In three months time, David Clarke, will be hoping to fire Great Britain to a Paralympic medal in Beijing.
In three months time, Harpenden's David Clarke, a stalwart of England's Blind football team will be hoping to fire Great Britain to a Paralympic medal in Beijing.
Yesterday he was taking 20 Year 10 children from Havelock Primary School in West London through their paces, alongside BBC Breakfast presenter Chris Hollins.
The children were taking part in a coaching session as part of The FA Tesco Skills programme at Featherstone High School, with former Arsenal youth coach Chris McGinn giving some of the boys and girls their first ever introduction to football.
After watching Dave dribble across the pitch in awe, seven children were plucked out by PE Teacher Steven Cotton to don a blindfold and try dribbling one of the blind footballs which contain ball-bearings, which rattle as they roll. One female pupil couldn't wait to take her blindfold off, but clearly exhilarated by the experience said "that was frightening, and really difficult. Watching Dave, he's as good as the professionals at dribbling; he's fantastic."
Dave has been blind from birth and has represented England at countless world and european championships. His goalscoring prowess makes him highly respected in the sport, but three years ago in Spain, he confessed to me that he was worried about the lack of young players coming through, due to the lack of profile the sport had.
The FA now have over 50 pan-disability football clubs in England which feed into the seven FA funded national squads and two of the younger players - who have come through the ranks - recently netted their first international goals, much to Dave's delight.
"We played Greece [2-1], Spain [2-1] and Turkey [3-1] in Thessaloniki last week, and Jonathan Gribbin scored two of the goals and Keryn Seal bagged a goal too. Keryn and Jon have both lost their sight gradually so both of them have really had to adapt to a totally different type of game.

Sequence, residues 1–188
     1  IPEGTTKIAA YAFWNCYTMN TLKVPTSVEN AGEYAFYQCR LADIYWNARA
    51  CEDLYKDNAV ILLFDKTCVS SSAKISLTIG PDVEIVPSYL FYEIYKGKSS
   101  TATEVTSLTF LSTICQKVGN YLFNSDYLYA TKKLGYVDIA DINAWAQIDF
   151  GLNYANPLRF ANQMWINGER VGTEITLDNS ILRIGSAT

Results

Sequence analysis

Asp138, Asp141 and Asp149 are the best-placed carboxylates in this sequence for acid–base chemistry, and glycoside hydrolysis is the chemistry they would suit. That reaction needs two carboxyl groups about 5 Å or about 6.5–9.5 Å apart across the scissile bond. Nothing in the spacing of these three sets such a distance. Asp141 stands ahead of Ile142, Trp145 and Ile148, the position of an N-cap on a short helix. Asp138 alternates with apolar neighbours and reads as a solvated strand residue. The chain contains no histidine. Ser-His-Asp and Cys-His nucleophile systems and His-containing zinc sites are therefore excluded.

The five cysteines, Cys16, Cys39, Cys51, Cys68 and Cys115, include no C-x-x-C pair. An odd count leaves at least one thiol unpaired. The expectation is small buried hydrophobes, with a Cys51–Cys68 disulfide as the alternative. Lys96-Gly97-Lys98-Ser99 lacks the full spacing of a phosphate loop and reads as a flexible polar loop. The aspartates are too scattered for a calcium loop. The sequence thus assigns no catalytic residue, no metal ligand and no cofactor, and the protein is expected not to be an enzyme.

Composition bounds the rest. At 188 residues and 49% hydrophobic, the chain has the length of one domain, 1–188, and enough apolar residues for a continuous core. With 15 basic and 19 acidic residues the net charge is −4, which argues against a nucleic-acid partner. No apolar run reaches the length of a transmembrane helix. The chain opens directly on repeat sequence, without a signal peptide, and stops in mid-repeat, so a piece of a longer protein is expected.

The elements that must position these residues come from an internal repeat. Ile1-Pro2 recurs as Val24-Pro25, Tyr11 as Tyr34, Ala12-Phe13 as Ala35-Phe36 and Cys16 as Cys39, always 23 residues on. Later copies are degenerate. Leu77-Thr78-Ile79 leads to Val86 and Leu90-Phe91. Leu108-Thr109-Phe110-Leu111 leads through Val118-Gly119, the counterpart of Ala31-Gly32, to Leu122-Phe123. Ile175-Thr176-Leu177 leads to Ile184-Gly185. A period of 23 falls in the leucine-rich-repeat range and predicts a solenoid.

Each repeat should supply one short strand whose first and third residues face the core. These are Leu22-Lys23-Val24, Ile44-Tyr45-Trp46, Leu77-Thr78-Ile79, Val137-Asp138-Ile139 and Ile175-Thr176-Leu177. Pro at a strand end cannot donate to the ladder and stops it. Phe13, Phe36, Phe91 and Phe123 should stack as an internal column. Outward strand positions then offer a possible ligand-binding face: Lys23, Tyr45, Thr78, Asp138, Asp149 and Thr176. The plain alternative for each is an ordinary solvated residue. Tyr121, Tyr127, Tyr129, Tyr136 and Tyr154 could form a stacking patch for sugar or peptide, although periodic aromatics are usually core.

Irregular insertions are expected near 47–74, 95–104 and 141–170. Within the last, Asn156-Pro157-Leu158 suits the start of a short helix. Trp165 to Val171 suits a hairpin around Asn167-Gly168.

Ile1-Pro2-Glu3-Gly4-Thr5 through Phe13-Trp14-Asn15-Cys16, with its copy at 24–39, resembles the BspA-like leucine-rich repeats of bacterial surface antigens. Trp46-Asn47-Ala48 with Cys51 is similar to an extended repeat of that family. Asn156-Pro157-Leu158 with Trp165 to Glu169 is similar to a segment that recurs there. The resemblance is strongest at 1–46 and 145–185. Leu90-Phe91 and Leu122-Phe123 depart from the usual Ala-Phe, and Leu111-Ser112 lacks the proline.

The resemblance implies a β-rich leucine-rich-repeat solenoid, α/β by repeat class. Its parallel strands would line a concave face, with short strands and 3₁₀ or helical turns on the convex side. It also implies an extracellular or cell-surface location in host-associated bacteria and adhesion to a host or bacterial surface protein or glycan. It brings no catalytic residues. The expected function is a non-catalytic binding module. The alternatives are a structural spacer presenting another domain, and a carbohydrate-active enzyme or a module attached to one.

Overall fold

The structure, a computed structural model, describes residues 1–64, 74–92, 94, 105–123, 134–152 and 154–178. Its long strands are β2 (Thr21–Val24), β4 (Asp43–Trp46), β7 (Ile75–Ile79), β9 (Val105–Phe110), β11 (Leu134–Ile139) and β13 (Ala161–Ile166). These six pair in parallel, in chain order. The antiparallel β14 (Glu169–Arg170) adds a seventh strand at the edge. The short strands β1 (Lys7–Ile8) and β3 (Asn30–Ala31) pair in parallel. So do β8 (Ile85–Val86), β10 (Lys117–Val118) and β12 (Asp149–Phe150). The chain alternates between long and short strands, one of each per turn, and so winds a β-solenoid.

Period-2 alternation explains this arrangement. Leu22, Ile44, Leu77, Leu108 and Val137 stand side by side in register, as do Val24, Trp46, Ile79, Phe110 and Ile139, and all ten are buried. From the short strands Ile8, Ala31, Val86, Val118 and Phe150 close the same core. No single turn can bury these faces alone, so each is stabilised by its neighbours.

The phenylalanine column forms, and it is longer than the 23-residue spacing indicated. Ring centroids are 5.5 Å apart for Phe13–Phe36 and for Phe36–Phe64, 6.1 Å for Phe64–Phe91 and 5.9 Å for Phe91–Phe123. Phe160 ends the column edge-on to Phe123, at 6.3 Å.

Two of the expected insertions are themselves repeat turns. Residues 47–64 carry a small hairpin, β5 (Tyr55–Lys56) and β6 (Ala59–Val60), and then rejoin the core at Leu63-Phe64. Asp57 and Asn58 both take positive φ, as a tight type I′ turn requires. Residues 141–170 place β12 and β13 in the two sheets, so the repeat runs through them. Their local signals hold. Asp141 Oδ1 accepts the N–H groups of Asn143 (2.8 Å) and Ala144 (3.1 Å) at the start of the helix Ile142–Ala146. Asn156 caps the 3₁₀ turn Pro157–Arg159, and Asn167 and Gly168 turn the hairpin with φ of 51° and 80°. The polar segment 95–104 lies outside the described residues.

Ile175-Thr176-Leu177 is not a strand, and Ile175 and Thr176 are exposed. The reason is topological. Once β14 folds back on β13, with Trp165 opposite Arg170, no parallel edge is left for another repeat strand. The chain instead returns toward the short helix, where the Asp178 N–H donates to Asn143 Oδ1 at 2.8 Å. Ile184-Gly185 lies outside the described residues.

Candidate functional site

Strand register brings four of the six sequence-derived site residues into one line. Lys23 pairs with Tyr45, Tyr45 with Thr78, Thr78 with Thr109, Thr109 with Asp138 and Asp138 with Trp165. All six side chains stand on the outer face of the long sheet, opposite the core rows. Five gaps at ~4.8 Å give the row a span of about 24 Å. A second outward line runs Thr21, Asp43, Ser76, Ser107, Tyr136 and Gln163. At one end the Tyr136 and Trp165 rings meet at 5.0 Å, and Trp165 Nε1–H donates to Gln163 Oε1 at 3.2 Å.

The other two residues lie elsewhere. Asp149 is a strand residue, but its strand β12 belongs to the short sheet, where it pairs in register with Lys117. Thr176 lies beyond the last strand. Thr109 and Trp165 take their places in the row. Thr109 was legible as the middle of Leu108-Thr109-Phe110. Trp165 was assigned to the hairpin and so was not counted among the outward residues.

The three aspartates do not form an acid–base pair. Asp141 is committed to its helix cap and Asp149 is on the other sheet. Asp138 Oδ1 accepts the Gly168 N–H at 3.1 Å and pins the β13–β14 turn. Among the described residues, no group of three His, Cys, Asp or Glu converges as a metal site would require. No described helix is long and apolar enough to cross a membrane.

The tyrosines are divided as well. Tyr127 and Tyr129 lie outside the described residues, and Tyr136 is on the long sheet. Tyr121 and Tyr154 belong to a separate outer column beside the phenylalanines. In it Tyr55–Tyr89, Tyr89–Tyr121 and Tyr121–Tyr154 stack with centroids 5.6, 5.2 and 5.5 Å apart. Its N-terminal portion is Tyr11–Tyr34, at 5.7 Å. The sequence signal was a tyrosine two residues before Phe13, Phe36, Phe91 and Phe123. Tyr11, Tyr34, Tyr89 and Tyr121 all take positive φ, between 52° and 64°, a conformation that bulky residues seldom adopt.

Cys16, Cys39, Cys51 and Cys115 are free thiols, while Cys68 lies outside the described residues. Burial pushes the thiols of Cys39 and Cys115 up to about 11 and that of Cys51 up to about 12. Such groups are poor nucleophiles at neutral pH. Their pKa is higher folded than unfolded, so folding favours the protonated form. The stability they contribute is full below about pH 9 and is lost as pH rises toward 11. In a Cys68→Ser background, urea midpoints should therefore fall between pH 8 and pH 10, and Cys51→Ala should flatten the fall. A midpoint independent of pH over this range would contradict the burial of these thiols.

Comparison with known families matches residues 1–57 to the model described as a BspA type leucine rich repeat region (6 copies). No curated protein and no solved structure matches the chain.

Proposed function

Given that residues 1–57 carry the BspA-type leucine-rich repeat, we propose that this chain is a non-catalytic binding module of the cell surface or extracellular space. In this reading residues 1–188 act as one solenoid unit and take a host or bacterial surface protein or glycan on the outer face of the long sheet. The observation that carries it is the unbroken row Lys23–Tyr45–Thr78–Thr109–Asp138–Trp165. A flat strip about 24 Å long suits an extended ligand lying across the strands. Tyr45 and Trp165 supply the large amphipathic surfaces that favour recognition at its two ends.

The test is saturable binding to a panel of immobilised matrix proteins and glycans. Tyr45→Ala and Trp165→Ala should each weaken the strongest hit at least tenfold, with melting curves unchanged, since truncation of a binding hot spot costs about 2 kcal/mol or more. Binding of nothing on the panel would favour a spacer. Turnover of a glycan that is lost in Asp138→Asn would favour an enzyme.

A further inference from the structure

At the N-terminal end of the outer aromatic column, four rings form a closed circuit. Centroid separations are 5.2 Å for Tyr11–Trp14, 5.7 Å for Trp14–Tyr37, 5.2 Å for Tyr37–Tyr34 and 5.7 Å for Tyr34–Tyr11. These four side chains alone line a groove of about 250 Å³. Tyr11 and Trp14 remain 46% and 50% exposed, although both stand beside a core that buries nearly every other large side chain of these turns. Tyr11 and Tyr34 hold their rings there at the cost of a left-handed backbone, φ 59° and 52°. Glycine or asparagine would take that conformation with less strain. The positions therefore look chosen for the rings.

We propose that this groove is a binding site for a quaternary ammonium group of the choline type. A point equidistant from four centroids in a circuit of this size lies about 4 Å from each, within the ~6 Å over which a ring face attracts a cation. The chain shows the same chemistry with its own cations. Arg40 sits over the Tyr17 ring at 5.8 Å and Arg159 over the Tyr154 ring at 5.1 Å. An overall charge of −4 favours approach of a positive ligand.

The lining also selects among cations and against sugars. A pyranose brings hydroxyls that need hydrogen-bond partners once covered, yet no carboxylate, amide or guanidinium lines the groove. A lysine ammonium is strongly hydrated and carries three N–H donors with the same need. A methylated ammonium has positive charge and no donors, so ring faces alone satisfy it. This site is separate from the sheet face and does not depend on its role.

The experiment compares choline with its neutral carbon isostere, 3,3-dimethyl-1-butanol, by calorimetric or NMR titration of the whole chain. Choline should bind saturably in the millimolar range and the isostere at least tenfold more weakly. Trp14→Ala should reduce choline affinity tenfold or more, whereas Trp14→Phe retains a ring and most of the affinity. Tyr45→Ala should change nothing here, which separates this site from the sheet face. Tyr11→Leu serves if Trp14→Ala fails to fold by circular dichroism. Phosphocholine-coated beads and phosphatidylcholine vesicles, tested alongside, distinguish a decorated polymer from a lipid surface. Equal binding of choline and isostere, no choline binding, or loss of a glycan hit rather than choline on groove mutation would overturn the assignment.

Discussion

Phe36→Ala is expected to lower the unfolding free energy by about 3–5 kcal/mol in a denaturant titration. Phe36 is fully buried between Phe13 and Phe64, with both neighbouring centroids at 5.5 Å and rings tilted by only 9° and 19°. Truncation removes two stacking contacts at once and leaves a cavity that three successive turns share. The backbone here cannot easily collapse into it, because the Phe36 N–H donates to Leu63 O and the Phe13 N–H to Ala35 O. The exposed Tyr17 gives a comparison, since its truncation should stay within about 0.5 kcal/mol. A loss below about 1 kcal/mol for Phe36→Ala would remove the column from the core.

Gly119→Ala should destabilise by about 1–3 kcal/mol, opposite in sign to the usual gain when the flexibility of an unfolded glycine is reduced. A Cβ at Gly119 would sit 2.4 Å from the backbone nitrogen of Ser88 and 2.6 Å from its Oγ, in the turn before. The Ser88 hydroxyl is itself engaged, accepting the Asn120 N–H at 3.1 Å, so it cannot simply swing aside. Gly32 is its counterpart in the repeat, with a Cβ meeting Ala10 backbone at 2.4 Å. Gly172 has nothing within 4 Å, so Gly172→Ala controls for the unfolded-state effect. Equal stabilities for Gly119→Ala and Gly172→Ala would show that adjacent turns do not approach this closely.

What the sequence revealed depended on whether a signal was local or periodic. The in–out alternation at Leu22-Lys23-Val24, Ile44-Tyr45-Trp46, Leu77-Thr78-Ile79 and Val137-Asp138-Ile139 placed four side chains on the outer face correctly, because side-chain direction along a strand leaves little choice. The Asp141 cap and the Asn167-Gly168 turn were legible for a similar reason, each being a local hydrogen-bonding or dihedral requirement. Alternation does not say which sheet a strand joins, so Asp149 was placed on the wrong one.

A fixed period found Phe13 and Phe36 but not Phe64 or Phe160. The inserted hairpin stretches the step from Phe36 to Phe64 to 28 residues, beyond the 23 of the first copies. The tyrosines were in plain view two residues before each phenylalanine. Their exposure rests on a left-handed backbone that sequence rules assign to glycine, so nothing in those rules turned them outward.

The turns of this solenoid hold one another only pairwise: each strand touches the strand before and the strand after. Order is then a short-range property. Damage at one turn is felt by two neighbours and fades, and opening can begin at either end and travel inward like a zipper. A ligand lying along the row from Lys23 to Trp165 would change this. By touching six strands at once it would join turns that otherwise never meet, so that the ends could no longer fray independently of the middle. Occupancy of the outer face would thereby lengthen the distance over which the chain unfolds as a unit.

"I've always enjoyed scoring the goals [including four in Greece] but it's vitally important that new players are challenging people like me for their places, and also that we can share the goals amongst us, particularly if we get any injuries inBeijing."
England are currently ranked second in Europe and fifth in the world, and The Three Lions are likely to provide all the players for Great Britain, led by Coaches Tony Larkin and John Ball.
"Tony has been one of the big constants in our development" said Dave, "and his partnership with John has been really important. Another person who deserves a lot of credit is Jeff Davis [The FA's National Disability Football Manager]. Since The FA has funded the team back in 2000 the set-up has got more and more professional.
"Jeff also came to a tournament with us in Argentina a couple of years ago and he could tell we were frustrated that our progress had hit a wall. He asked us what we needed, and then went away to see what he could do.
"For the last year I've now been training five times a week, three times with a personal trainer who is paid for by The FA, and i'm not only fitter than ever, but i've also lost a couple of stone in weight!"
Great Britain's opponents in Beijing will be Korea, China, Brazil, Argentina and Spain. So does the team have realistic medal expectations?
"Being candid, Brazil and Argentina are way ahead in terms of their infrastructure and have a big pool of blind players to select from" said Dave. "China have been training full-time for the past three years for this whilst I’ve been doing my job [working in corporate and private banking for Clydesdale Bank PLC in London], but we know we can beat anyone on our day, so I think absolutely we can get a medal."
Next week the team is traveling to Switzerland and Basle at the invitation of UEFA where they will play an exhibition match against Spain ahead of the Euro 2008 quarter final. Then there will be another training weekend together at Hereford on 21 June, in the shadow of the new £21million football academy being built at the Royal National College for the Blind.
The final word yesterday went to Havelock Primary School's PE Teacher and TheFA.com's part-time photographer for the afternoon, Steven Cotton. "The afternoon was brilliant and to meet someone like Dave was truly inspirational. The kids have really benefited from it and it was great to see them try a totally new experience and realise they had a range of skills and abilities they didn't realise they had.
"To train alongside an international footballer is a once in a lifetime opportunity, and I know we'll definitely be watching Dave and the side's progress in China in September."